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How do I secure the rights to use a song in my show?

If you’re a writer, there’s a good chance that you’ve written something for your play and thought of a song that would set the scene perfectly, or the exact song a character would sing at karaoke, or play at a dinner party, or dance around their bedroom too. Music is a great tool for storytelling, whether it’s through composing original music, or adding in a tried and true top 40 radio hit. If it’s the latter that you would like to use in your play, there are important copyright laws and processes that must be followed that all playwrights should know. So let us break it down for you:

First things first, unless a song is in the public domain (meaning it was published at least 95 years ago) a theatrical license is needed from the copyright holder in order to use any snippet of any song as a part of the show’s plot. The theatrical license may also be called grand rights or theatrical rights.

A license is needed to use the song in the show, and a master license is also needed in addition in order to pay the artists for the particular recording you’re using. Other licenses that might be necessary depending on circumstance include a print license, if you plan to display the composition in any way, and a synchronization license, if you make a video recording of your production.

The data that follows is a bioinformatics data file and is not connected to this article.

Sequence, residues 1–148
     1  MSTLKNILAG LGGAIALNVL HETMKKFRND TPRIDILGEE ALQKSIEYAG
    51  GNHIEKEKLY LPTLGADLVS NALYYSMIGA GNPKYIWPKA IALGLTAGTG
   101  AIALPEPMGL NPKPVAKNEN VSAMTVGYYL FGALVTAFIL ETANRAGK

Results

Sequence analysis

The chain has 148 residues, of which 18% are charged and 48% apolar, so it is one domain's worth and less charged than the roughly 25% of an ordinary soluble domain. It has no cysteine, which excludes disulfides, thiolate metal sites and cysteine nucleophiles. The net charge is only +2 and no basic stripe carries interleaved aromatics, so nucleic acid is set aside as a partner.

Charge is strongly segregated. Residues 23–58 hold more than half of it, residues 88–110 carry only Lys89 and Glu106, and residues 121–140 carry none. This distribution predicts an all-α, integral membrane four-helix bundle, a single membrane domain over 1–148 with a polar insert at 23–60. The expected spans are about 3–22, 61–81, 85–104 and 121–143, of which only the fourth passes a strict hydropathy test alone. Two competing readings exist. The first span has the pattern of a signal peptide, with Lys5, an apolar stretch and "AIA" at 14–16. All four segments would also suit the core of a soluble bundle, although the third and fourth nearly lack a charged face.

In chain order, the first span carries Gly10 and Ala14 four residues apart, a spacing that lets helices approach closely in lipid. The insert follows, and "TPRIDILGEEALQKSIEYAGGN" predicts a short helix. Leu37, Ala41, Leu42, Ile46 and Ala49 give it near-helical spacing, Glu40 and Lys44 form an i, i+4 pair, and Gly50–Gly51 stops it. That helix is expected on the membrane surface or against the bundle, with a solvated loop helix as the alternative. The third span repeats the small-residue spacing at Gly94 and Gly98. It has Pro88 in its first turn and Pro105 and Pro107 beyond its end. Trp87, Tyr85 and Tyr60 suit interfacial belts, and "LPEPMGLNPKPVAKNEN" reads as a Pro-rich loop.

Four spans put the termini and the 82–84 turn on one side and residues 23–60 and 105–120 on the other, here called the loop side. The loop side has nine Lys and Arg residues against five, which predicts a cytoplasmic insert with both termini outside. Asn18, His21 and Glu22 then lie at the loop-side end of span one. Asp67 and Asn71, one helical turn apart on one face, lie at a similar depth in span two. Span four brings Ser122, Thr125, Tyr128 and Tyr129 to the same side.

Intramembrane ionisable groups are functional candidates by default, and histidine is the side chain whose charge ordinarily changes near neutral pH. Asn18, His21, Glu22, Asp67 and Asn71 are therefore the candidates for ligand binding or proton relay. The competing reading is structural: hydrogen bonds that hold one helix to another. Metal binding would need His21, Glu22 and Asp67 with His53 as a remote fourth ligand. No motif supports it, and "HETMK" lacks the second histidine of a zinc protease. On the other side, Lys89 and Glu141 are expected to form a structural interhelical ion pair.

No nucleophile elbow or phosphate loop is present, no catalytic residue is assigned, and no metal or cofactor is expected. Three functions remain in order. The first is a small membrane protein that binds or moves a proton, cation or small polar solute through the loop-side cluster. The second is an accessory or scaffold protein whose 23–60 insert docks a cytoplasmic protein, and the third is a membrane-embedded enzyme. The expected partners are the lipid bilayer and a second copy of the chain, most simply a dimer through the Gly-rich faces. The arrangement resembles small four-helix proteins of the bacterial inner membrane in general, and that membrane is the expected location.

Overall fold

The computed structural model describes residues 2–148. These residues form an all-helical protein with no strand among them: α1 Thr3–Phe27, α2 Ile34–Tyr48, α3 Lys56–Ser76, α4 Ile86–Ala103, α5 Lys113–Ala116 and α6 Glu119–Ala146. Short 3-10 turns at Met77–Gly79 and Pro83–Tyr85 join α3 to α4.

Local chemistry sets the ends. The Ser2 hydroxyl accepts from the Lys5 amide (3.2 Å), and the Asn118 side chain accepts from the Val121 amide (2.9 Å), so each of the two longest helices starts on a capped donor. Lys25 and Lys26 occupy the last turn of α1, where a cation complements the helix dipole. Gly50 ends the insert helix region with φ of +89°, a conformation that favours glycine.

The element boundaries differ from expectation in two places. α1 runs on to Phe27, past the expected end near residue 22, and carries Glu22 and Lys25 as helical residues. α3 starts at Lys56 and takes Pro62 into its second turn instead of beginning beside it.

A simple Google search can help you find the copyright holder of whatever music you are trying to use, and obtaining the license is handled directly with them! Pretty simple!

The license ensures that the copyright holder or owner of the music gets paid – usually the composer or publisher, but sometimes a third party who purchased the rights from the composer or publisher is also involved.

Make sure your requests for copyrights are made several months in advance of any planned productions, because these things can take time! If, for some reason, you are denied the rights to the music you want to use, you should definitely not use it in your production! Many publishers and copyright holders have people whose job it is to seek out copyright violations!

Adding music to your production can enhance the mood, create an emotional response, or indicate a certain time period or setting, and is an important addition to a lot of theatrical works, so it’s important to make sure you’re obtaining permission in the correct way!

 

P.S. Want to learn more about music licensing? Check out The TheaterMakers Studio for Q&A calls, webinars, and courses taught by experts in the industry! Try it out FREE for 30 days now. Click here.

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